Climate change plans to get P136B to ensure spending transparency | Inquirer Business
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Climate change plans to get P136B to ensure spending transparency

By: - Reporter / @bendeveraINQ
/ 02:14 AM October 27, 2014
 AP FILE PHOTO

AP FILE PHOTO

The government has allotted a total of P136.3 billion in the proposed 2015 national budget for climate change response programs on top of a World Bank-assisted initiative aimed at promoting transparency when spending this fund.

In a statement released by the World Bank last Friday, the multilateral lender noted that 53 national government agencies had “tagged” more than 5 percent of the total 2015 budget for climate change initiatives.

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Of the P136.3 billion, 98 percent would be spent on disaster risk reduction, flood control, reforestation as well as climate change research and development in the areas of agriculture, energy, environment, infrastructure and science and technology.

The tagging initiative, which used guidelines issued by the Climate Change Commission (CCC) and the Department of Budget and Management (DBM), was introduced in the 2015 budget process through an Australian government co-funded technical assistance from the World Bank.

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“The tagging exercise makes climate change spending so much more transparent and accountable. More important, however, is what the process means for our climate change management program in the long term. Tagging lets us access timely information that will be useful when agencies plan, implement and monitor their climate change management programs. Altogether, we’re taking a very strategic approach to government spending so that our climate change initiatives are properly supported,” Budget Secretary Florencio B. Abad was quoted by the World Bank as saying.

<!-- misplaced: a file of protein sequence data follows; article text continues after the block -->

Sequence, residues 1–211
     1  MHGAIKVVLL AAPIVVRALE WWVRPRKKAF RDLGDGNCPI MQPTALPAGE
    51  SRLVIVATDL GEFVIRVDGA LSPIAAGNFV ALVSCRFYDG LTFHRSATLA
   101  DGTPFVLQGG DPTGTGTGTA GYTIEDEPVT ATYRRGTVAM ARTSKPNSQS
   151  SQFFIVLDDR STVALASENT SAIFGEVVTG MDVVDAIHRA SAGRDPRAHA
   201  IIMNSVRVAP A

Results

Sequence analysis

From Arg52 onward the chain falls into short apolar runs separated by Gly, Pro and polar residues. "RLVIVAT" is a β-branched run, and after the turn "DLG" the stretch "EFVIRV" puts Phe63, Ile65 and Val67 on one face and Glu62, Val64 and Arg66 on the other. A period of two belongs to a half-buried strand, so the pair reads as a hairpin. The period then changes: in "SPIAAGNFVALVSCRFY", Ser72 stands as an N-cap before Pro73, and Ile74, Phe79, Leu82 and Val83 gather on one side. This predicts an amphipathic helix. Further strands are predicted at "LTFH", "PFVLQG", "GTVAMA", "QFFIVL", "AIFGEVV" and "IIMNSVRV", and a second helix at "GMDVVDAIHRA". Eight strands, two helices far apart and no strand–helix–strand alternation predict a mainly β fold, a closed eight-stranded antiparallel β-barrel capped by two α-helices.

According to World Bank country director Motoo Konishi, “climate change is a very important development issue that the world should confront squarely in order to eliminate extreme poverty.”

“Climate change impacts could reduce cultivable land, diminish agricultural productivity and decrease fisheries catch, which would disproportionately hurt poor communities in high-risk urban and rural areas dependent on subsistence livelihoods. We are happy that the Philippines is demonstrating leadership on this matter through its strong commitment to a comprehensive reform program,” Konishi said.

The progress report titled “Mobilizing the Budget for Climate Change Response in the Philippines” released by the World Bank, CCC and DBM last week showed that the country has been making inroads in integrating the climate change agenda into government budgeting and planning in a bid to strengthen resiliency against the bad effects of climate change.

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